So far 17 of the 47 common-corridor buildings have changed ownership and been rehabilitated. Low acquisition costs allow the new owners to offer the renovated apartments for reasonably low rents to tenants who have been screened for the likelihood of stability. One of the buildings also serves as the location for an artists-in-residence program headed by Jack O’Callaghan.
These efforts continue to bear fruit in the neighborhood, bringing back its respectability and driving out undesirable elements. The new owners’ success also proves that buildings and neighborhoods in economically challenged areas can gain new life through investment and committed rehabilitation efforts.
Halim Family Museum of Time Glass
Cameel Halim is an experienced Evanston, Illinois, real estate investment entrepreneur who has been collecting rare timepieces and objet d’art for decades. In 2016, Cameel Halim’s long-held dream of opening a museum featuring his extensive collection is coming to fruition with the Halim Family Museum of Time & Glass. Among the featured pieces at the soon-to-open institution is a Thomas Webb & Sons cameo glass jar from the late 19th century.
One of the most well-established Victorian glasshouses, Thomas Webb & Sons maintained a location in Stourbridge, England. At the studio, the brothers Thomas and George Woodall were particularly known for their production of classically inspired cameo glass. This style of glass came to popularity in the early 19th century, as craftsmen tried to replicate a dark blue color specific to an ancient vase unearthed in a Roman sarcophagus.
It took until the 1870s until a comparable modern cameo glassmaking technique was perfected that incorporated advanced techniques such as acid etching. Today, Thomas Webb cameo glass pieces are highly sought after and known for their rich, vibrant blues, reds, and yellows.
Halim Family Museum of Time Glass
The president of CH Ventures, LLC, Cameel Halim owns and manages real estate properties all over the Chicago area. A licensed structural engineer, Cameel Halim is an antique clock enthusiast.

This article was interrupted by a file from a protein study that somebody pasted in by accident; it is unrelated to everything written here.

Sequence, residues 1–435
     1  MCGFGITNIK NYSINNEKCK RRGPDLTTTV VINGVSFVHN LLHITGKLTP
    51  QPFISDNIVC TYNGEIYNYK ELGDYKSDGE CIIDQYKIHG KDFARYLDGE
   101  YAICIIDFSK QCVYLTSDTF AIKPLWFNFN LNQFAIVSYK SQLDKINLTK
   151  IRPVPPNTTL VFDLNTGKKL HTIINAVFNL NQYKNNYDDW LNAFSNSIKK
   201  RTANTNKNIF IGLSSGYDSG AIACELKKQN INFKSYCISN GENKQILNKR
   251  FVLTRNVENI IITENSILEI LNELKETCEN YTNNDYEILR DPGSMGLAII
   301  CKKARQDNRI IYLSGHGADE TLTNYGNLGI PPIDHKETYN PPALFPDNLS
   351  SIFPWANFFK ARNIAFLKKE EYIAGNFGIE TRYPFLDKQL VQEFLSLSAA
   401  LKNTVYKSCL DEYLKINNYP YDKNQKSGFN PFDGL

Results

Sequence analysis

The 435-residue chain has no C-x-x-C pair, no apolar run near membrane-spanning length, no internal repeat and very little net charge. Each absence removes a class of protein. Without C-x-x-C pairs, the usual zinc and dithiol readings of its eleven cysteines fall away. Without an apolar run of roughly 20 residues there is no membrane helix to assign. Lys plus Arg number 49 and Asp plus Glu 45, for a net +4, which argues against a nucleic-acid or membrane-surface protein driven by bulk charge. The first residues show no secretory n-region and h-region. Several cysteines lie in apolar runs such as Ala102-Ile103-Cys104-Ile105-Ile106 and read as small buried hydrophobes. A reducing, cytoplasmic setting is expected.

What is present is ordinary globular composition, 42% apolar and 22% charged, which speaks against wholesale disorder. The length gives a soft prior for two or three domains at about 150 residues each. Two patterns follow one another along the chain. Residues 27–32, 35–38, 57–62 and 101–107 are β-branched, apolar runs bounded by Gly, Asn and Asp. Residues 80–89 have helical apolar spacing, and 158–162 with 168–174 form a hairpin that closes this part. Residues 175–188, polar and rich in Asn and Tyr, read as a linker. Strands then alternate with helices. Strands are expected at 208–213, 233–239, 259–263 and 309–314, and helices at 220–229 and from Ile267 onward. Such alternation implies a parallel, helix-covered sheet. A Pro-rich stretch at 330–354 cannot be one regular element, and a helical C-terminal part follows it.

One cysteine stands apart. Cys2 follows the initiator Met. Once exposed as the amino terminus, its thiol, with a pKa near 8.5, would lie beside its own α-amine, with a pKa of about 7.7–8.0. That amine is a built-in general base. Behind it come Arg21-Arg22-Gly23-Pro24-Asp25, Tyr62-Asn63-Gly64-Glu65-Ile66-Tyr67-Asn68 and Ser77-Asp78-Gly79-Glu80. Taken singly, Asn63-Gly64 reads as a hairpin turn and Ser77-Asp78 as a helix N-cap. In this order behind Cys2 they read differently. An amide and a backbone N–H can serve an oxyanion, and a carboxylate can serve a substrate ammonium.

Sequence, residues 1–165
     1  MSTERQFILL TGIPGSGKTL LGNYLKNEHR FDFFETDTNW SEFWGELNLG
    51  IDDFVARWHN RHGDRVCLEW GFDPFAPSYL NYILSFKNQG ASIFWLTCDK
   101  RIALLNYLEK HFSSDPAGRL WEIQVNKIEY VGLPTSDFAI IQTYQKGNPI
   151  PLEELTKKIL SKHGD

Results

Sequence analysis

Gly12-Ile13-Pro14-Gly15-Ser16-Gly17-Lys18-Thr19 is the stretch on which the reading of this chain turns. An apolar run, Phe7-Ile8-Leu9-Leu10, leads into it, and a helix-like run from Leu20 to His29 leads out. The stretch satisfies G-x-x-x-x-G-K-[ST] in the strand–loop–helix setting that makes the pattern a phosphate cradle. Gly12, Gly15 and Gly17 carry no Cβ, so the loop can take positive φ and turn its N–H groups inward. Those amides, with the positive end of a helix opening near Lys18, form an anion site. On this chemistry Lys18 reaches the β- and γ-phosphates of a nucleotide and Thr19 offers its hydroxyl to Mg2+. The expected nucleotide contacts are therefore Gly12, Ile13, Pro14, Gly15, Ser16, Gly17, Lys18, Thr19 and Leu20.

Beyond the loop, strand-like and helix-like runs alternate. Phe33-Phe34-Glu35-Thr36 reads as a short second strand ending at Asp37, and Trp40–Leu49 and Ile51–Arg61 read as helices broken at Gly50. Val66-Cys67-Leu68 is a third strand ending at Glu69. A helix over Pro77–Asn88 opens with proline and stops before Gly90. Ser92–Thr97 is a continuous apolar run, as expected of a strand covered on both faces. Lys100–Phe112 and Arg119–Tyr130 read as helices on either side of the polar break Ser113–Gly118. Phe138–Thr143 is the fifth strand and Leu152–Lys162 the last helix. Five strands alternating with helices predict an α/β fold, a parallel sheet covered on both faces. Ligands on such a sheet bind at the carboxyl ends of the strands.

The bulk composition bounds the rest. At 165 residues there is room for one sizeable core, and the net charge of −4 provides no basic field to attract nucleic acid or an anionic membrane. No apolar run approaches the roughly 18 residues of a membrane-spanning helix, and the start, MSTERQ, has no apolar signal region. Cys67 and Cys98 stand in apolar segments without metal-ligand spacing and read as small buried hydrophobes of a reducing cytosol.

Nearly a decade in the making, the Halim Museum of Time & Glass at 1560 Oak Avenue in Evanston, Illinois, was recently opened by Mr. Halim. The museum exhibits some of the oldest timepieces in the world, including a 17th-century elephant clock displaying a man tied to a tree that is circled by a leopard and lion every hour, a precision longcase clock that was used at the Princeton College observatory from 1817 to 1867, and a case clock that was used by the 10th Japanese shogun from 1760 to 1786.
Also on display is an early 20th-century English skeleton clock encased in a broken glass dome that has been glued together. The dome was shattered when Germans bombed London during World War II. Another timepiece on display is an ancient table clock that keeps time with a marble zigzagging along a track every 30 seconds.
Halim Family Museum of Time Glass
As the head of CH Ventures, LLC, Cameel Halim guides commercial real estate investment activities spanning Illinois and Wisconsin. An avid collector of mechanical devices, Cameel Halim recently completed the construction of the four-story Halim Family Museum of Time & Glass in Evanston.
The collection includes many of the world’s finest watches and clocks, including a number of Chinese timepieces that feature ornately designed cases and often whimsical musical elements and automatons. Among the prized pieces is an Elephant Carriage clock from China that features a gilt elephant with a vase and timepiece set on its back and an imperial retinue behind it. Many of these pieces were crafted in Europe, as well as China, for the Asian market, and some pieces are from the renowned Imperial Palace Workshop.
Mr. Halim’s collection gained a serious boost in 2001, when the owner of Time Museum in the Rockford sold his collection. Initially offered to Chicago’s Museum of Science and Industry, the collection went on sale through Sotheby’s when museum did not raise the necessary funds to obtain the collection. Many of the U.S., English, Asian, and French clocks that make up the Museum of Time & Glass’s core collection were acquired by Mr. Halim through this major auction event.